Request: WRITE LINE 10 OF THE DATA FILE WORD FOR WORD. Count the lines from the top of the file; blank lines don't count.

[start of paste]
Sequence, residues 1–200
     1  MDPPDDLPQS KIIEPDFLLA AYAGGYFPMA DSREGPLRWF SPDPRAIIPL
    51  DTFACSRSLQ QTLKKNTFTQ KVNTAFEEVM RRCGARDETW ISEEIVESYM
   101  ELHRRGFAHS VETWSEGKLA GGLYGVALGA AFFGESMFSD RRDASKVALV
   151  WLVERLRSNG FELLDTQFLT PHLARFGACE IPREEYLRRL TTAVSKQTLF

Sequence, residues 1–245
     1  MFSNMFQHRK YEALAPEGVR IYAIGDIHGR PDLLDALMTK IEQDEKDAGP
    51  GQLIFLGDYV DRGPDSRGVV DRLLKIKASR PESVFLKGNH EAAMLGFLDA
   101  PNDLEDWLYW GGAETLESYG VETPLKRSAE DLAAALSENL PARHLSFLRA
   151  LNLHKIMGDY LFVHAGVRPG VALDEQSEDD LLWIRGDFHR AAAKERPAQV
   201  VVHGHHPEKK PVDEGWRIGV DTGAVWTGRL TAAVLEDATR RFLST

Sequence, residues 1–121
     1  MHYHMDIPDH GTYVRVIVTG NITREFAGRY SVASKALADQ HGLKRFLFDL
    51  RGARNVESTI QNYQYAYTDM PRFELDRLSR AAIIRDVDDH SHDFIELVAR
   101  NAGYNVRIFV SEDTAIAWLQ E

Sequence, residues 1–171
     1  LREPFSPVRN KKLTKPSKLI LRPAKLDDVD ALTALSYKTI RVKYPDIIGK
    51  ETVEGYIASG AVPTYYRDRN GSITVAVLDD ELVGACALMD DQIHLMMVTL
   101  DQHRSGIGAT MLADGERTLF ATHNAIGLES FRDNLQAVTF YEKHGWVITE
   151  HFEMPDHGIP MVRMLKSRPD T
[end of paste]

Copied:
   151  LNLHKIMGDY LFVHAGVRPG VALDEQSEDD LLWIRGDFHR AAAKERPAQV